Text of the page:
Hello there and welcome to The Turndog Review: the books I read, reviewed.
I aren’t a professional critic, instead all I offer is my honest opinion into everything I read. However, I do this with a difference, as I don’t only offer my personal views on the Writing, Plot, and Story, but also the Book Cover, Book Marketing, and Author Website.
We live in a modern world where being a writer is different to years gone by, and I feel the whole experience of the book matters. This covers everything from the initial find, the actual read, and everything that follows. Therefore I hope this review not only offers a great insight into the book and author, but also into my own mind and what makes me tick.
So without further ado let’s begin, and today I focus on Starter For Ten by David Nicholls
Read: February 2012
Discovered: A Follow on after reading ‘One Day’ by David Nicholl
I read Starter For Ten during January 2012, and think I had the whole thing done in around five sessions. It’s easy going and fast paced, and if I had a particular go to genre, I would say this is it.
The plot surrounds Brian Jackson, a very smart young man and his journey into University. He’s awkward and horny, and totally under prepared for life. He’s a verging genius, but is he capable of applying himself in a world where there’s beer, and girls, and all the things young adults go through?
Oh, and he also loves University Challenge, and he feels as though he needs to go on in honour of his late father. Overall it’s an everyday book I feel most people can relate to, I know I can.
Is it great writing? No, I wouldn’t say it is.
Is it an Amazing plot or story? Again, I’d say not.
Is it better than the majority of things out there? Personally I’d say yes.
I think Brian Jackson is the biggest positive in this story. I feel David Nicholls has created a very relatable character that most people can emphasise with. He’s also surrounded by a whole host of relatable characters, and overall each page is full of scenarios I could imagine myself in.
I also love the pace of the story. As I say, this isn’t Shakespeare, merely a story we can all relate to. If I want to curl up with a book at the end of a night then this is the sort of story I turn to.
I feel the main drawback is how it becomes stilted at times. Not in terms of the writing, rather the story. There are certain points where you wonder off, and begin questioning its importance.
This isn’t the end of the world though, and let’s face it, most books are filled with scenes which purpose is to move you to a more important part of the book. Is this right, no, probably not? I also wouldn’t say it makes a good book bad, but hey, that’s just my opinion.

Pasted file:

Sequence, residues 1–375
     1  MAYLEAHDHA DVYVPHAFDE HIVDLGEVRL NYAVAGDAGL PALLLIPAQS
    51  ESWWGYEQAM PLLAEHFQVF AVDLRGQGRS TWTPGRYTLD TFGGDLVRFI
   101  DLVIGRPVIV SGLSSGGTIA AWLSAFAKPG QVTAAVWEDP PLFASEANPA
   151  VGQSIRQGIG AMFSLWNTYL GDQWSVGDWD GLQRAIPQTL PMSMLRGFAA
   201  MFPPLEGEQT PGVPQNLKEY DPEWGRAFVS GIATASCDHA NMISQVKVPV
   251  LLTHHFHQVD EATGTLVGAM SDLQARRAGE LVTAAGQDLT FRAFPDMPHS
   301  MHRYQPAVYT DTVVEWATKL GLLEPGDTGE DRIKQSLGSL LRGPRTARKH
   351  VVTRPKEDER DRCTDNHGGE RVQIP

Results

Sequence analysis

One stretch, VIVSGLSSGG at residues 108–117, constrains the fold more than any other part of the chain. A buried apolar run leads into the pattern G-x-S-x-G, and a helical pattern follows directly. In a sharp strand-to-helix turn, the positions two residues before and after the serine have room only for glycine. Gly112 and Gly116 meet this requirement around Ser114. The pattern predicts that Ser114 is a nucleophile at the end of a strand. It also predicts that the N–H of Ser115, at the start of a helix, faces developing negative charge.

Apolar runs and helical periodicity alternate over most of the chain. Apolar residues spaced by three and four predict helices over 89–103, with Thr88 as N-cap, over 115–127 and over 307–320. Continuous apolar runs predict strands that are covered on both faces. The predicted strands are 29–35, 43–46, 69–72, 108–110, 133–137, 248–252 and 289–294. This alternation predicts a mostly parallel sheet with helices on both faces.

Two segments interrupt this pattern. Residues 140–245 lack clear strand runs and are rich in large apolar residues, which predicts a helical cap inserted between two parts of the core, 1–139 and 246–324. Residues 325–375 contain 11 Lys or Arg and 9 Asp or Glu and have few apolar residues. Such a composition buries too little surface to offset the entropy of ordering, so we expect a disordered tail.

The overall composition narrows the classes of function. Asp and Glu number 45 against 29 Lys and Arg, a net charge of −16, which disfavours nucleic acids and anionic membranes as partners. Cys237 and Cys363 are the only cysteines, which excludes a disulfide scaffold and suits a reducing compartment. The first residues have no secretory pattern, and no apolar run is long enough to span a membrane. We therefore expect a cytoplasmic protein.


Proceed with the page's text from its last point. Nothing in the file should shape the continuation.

I love this cover. As I’ve said before, I really like the use of silhouettes in book covers, and this one tells a great story in such a simple manner. The name of the book plays on the popularity of University Challenge, and this cover extends that.
I also like the colours, which are charming, and the clear and large – yet still somewhat playful – text. It’s a great overall cover and is very appealing both as an Ebook and it’s more physical cousin.
Like with so many big time books, I feel the marketing within the pages is weak and lazy. I read the Ebook version, and as such, adding some links is an easy thing to do. Why publishers still avoid this is beyond me.
There’s no link to David Nichol’s website, not is there calls to action for his other books or projects. There isn’t even a review for One Day or The Understudy, and I feel cross selling could easily be made with some very simple communication.
Overall, very disappointing.
Author Website & Engagement:
David’s website is very nice and gives you all the information you’ll ever need. It’s simple – which is good – and functional – which is better – and overall a very nice website.
His engagement is poor though, at least online, and there is no Blog or place for fans to interact with him. He’s a busy boy, so it is hard, but I do place a great deal of importance in engagement so I it pains me to see good authors not doing it.
Again, a little disappointing.
Overall I’m a fan of David Nicholls. I relate to his style, and I feel I’m a similar kind of writer. I also like Starter For Ten, a book I was happy to keep reading and am happy to recommend. It’s a solid 4/5 in my opinion, but I don’t focus entirely on the writing as I said earlier.
Everything else is a let down and simply lazy. It’s because of this I give Starter For Ten…
3 Turndogs out of 5
Thanks for reading this version of The Turndog Review. I review every book I read, not only for the writing, but the marketing, website, and general communication from the author.
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